When I lost my job on August 28, I expected it to be the start of a long, crippling crisis that tested my resolve and made me wonder about who I was. I expected it to force me into a long identity crisis that would force me to examine what I wanted my future to be. I expected a long period of crippling depression.
None of that happened. More days than not I had phone interviews before the president of Arkansas Flag and Banner saw my resume and set me up in their marketing department where I’m coming off a week of invigorating work. Everything took 5 weeks from job loss to job gain. So this is definitely a victory lap entry.
But it’s a meditation too. Because I’ll be blunt. I spent 12 years expecting to lose that job at the paper. Gloom has hung over that business for years. That’s not a judgment. It’s just how newspapers are. It’s a tough era. Many of my friends did get cut. I thought long and hard about life after. And I expected there not to be much after. I thought I was locked in because of my training.
Which is completely untrue. I’m actually doing great at my new job because I have immense skills to bring. I’m actually really excited about what my future looks like. I have ideas percolating to bring to future ventures already. That’s cool as hell.
So I’m left to look at something surreal. A brief period of crisis. Just a very tiny one. I only had a few days where I got low and maybe a day where I was at my pit. But that’s it. And I honestly don’t wonder much why I only had a brief moment of panic.
I’m not who I was in 2007. That’s an understatement. I’m older. I’m more worldly. I’m mature. Well more mature. I also have experience. I’ve gained skills over the last 12 years. I’m stronger for it.
The reason this last month went as brief as it did is two fold. One is luck. I’m lucky my new boss saw my resume and found where I fit. But that’s one reason. The other is will. I got my resume out. I applied at well over 150 jobs. Were some bad fits? Yes. But I was trying. And I landed where I belonged.
And yet… I’m aware I don’t think this is fully resolved. I think in a few years I’ll clearly know how I feel about the paper. I know there’s some anger there that I have yet to really process. I know there’s a lot of nostalgia. I think I’m struggling just to know what to think since for 12 years I knew nothing but it. That’s okay. It’s not something I have know or solve soon. Or ever really.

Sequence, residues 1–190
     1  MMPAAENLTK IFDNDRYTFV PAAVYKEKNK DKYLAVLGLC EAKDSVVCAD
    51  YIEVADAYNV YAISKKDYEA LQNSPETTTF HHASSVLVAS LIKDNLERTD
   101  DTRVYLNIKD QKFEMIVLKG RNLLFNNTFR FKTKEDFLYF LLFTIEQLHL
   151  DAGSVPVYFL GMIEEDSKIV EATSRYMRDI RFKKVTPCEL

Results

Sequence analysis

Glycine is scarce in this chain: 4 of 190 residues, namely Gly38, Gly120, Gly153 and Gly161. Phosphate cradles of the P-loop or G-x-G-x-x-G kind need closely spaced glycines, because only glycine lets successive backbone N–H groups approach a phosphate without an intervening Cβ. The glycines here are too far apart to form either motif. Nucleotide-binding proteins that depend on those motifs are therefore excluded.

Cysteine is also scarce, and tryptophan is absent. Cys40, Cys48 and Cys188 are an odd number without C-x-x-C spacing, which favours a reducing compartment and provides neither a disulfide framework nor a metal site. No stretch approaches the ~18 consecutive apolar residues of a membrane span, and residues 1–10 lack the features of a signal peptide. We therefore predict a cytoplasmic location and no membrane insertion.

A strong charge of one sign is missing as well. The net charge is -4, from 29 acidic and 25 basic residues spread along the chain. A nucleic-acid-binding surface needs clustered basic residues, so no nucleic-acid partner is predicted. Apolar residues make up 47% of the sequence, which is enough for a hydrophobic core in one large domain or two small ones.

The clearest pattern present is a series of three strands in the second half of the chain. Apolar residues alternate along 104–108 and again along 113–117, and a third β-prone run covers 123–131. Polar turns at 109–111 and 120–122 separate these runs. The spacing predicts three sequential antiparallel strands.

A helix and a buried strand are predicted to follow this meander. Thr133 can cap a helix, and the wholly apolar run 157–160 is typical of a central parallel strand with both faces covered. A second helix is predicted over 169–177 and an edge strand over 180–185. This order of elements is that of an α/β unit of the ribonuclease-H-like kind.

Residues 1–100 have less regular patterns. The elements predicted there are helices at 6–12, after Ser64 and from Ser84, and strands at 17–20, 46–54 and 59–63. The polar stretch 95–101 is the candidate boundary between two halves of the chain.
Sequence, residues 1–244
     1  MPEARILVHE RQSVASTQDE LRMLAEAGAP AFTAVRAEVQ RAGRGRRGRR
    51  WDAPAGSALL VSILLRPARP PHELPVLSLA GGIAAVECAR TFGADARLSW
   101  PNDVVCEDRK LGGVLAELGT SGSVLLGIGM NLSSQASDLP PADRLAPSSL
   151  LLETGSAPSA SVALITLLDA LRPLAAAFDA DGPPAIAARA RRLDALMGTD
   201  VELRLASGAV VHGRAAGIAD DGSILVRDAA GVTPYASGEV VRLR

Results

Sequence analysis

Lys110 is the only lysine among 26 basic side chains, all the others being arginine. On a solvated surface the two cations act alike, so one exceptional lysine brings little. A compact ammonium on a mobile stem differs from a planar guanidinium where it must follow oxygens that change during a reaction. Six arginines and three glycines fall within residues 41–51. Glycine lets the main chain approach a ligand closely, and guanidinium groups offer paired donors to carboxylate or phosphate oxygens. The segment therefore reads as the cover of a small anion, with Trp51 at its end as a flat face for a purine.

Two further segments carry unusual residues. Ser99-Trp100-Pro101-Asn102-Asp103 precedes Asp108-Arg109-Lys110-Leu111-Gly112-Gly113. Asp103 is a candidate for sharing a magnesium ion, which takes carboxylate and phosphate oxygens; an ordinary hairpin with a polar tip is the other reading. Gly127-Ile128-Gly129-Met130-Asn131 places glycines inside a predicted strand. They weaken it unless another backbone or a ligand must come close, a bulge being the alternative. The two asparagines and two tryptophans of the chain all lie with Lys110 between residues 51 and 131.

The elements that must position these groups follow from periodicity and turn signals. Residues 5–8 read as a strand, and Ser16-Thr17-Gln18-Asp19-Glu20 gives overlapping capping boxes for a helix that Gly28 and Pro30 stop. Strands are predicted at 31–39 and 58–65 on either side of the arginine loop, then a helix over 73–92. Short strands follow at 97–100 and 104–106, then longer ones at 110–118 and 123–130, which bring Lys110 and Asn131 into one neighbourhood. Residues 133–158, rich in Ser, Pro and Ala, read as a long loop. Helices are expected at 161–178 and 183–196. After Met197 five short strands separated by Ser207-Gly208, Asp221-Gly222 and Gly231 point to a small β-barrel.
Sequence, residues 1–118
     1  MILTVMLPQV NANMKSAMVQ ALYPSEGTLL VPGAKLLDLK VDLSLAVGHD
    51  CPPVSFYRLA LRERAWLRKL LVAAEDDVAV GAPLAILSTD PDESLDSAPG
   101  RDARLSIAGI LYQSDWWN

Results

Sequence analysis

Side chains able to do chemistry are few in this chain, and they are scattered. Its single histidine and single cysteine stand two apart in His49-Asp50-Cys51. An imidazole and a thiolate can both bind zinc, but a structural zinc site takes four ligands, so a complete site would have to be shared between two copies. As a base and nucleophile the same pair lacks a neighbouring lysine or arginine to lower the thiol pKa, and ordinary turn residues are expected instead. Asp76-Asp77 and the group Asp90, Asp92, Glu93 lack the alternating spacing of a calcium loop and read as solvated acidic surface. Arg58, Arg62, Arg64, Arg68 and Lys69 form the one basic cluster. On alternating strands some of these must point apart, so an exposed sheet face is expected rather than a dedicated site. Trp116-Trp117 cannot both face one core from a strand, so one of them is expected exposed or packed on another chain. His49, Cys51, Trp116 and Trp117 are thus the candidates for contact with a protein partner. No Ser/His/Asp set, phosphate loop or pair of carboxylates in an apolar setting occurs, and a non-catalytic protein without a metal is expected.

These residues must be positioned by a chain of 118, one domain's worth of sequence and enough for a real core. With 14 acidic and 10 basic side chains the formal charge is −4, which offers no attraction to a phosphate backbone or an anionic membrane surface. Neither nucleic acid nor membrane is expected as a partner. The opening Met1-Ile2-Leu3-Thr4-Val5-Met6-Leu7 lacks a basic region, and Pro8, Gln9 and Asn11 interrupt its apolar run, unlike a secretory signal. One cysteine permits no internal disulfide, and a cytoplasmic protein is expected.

What I can’t and won’t do is lament that this was indeed short. No, that I raise a glass to. It was a short crisis because it turns out life can be good. It turns out there are amazing people in this world. There are amazing opportunities.
And so as I often do, my mind turns to the words of the great Richard Matheson in his classic The Incredible Shrinking Man. It’s a film about an unfathomable existential crisis, to shrink into seeming nothingness. And yet it ends on such intense hope. I didn’t go through anything like that, I lost my job and found what I truly believe will be a better one, But these lines give me hope so allow me a quote.
“I was continuing to shrink, to become. . .what? The infinitesimal? What was I? Still a human being? Or was I the man of the future? If there were other bursts of radiation, other clouds drifting across seas and continents, would other beings follow me into this vast new world? So close – the infinitesimal and the infinite. But suddenly, I knew they were really the two ends of the same concept. The unbelievably small and the unbelievably vast eventually meet – like the closing of a gigantic circle. I looked up, as if somehow I would grasp the heavens. The universe, worlds beyond number, God’s silver tapestry spread across the night. And in that moment, I knew the answer to the riddle of the infinite. I had thought in terms of man’s own limited dimension. I had presumed upon nature. That existence begins and ends in man’s conception, not nature’s. And I felt my body dwindling, melting, becoming nothing. My fears melted away. And in their place came acceptance. All this vast majesty of creation, it had to mean something. And then I meant something, too. Yes, smaller than the smallest, I meant something, too. To God, there is no zero. I still exist!“